In another embodiment, the present invention provides a method of evaluating a pin connector of a backplane by attempting to seat a tool on the pin connector, the tool having at least one connector having receptacles for receiving pins of a pin connector of a backplane, the receptacles being open at both ends so that ends of the pins are visible in the receptacles when the tool is seated on the pin connector.

Additional advantages and novel features of the invention will be set forth in the description which follows or may be learned by those skilled in the art through reading these materials or practicing the invention. The advantages of the invention may be achieved through the means recited in the attached claims.

BRIEF DESCRIPTION OF THE DRAWINGS

The accompanying drawings illustrate preferred embodiments of the present invention and are a part of the specification. Together with the following description, the drawings demonstrate and explain the principles of the present invention. The illustrated embodiments are examples of the present invention and do not limit the scope of the invention.

FIG. 1 is an illustration of a tool according to an embodiment of the present invention for evaluating the integrity of pins in a pin connector on a backplane.

FIG. 2 is another view of the tool of FIG. 1.

FIG. 3 is an illustration of the tool of FIG. 1 being used on a pin connector of a backplane according to an embodiment of the present invention.

FIG. 4 is an illustration of the tool of FIG. 1 installed on a pin connector of a backplane according to an embodiment of the present invention.

FIG. 5 is an illustration of a technique for evaluating the integrity of pins in a pin connector on a backplane according to another embodiment of the present invention in which the tool of FIG. 1 is installed on a pin connector of a backplane and is used with a light source to help detect missing pins.

FIG. 6 is a flowchart illustrating a method of testing a pin connector on a backplane according to an embodiment of the present invention.

Throughout the drawings, identical reference numbers designate similar, but not necessarily identical, elements.

DETAILED DESCRIPTION OF THE PREFERRED EMBODIMENTS

FIG. 1 is an illustration of a tool according to an embodiment of the present invention for evaluating the integrity of pins in a pin connector on a backplane. As shown in FIG. 1, the tool (100) preferably includes connector blocks (103) that are arranged in a row corresponding to a row of pins on a backplane for receiving a blade. Alternatively, the connector (103) of the tool (100) may be a single unit from a solid material of similar form factor.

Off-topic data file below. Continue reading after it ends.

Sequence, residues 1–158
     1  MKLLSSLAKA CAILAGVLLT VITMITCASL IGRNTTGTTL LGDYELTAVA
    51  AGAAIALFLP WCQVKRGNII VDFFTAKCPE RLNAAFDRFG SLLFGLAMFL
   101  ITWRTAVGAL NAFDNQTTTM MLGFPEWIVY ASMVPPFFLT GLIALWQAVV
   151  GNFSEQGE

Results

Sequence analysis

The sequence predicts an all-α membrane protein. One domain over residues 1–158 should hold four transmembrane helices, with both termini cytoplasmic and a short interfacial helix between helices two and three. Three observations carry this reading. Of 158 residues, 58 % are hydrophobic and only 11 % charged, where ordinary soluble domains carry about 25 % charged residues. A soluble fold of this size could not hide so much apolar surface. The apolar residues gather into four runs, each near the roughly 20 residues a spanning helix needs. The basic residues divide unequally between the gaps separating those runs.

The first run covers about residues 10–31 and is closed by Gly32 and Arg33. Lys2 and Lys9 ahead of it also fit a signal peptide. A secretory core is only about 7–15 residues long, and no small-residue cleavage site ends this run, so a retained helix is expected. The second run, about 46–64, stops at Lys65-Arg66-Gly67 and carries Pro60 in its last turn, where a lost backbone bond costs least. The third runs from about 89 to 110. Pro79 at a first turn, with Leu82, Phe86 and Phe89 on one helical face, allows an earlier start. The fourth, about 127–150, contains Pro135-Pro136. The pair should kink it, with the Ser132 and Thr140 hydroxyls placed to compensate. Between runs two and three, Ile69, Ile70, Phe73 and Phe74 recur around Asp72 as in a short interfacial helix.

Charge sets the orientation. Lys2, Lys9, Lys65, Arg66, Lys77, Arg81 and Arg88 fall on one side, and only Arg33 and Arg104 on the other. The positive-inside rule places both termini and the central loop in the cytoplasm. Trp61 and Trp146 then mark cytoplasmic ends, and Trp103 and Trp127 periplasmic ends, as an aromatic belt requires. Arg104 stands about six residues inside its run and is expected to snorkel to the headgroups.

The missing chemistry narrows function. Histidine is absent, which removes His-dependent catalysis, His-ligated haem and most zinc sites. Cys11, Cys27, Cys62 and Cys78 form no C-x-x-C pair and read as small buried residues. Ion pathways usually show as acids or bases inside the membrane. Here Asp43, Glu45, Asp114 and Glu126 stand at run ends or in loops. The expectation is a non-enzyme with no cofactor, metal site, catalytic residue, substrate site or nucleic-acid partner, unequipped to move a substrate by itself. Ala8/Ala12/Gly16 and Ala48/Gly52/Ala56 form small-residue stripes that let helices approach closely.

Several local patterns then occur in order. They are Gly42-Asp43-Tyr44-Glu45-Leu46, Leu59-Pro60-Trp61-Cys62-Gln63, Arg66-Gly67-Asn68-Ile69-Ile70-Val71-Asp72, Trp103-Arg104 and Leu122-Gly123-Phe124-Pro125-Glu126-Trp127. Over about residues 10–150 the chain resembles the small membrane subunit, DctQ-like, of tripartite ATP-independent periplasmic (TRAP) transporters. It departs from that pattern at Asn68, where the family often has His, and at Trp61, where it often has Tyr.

The connectors (103) are secured to a backing plate (101) so that they can be installed or removed as a unit. The backing plate (101) may also function as a handle to facilitate use of the tool (100).

These connectors (103) include holes or receptacles (104) in which the pins of a connector on the backplane are received. Preferably, these receptacles (104) are arranged according to the cPCI standard.

FIG. 2 is another view of the tool illustrated in FIG. 1. FIG. 2 provides a view of the opposite side of the connectors (103) from that illustrated in FIG. 1. As shown in FIG. 2, the holes or pin receptacles (104) extend all the way through the connector blocks (103). The opposite ends of the holes (104 a) are illustrated in FIG. 2.

The tool (100) is used as follows. When it is necessary to test the integrity of the pins of a pin connector on the backplane, the tool (100) is seated on the pins of the pin connector as if it were a blade being connected to the backplane. It is important to gently seat the tool (100) on the pin connector of the backplane. The tool (100) should not be forced onto the pin connector.

If the tool (100) will not seat properly on the pin connector, that indicates that a pin of the connector is bent and is preventing the tool (100) from seating properly. If the tool (100) does seat properly, the pins of the pin connector will extend through the holes (104). As will be explained below, the ends of the pins can then be examined extending from the openings (104 a) of the holes (104). This will reveal if a pin is missing, as opposed to being bent, but still in place.

Returning to FIG. 1, guides (105) may be disposed in between the connectors (103) at various points on the tool (100). On the connector of a blade, these or similar guides would be used to hold a key that is specific to the type of blade on which the keys are installed. These blade keys are matched by corresponding keys in between the connection pins on a connector of the backplane.

This key arrangement insures that only a particular type of blade can be connected to a particular connector on the backplane that is intended for receiving that type of blade. Thus, if a connector on a backplane is designed to receive only a single type of blade, the keys in that backplane connector will prevent any other type of blade from being installed in that connector.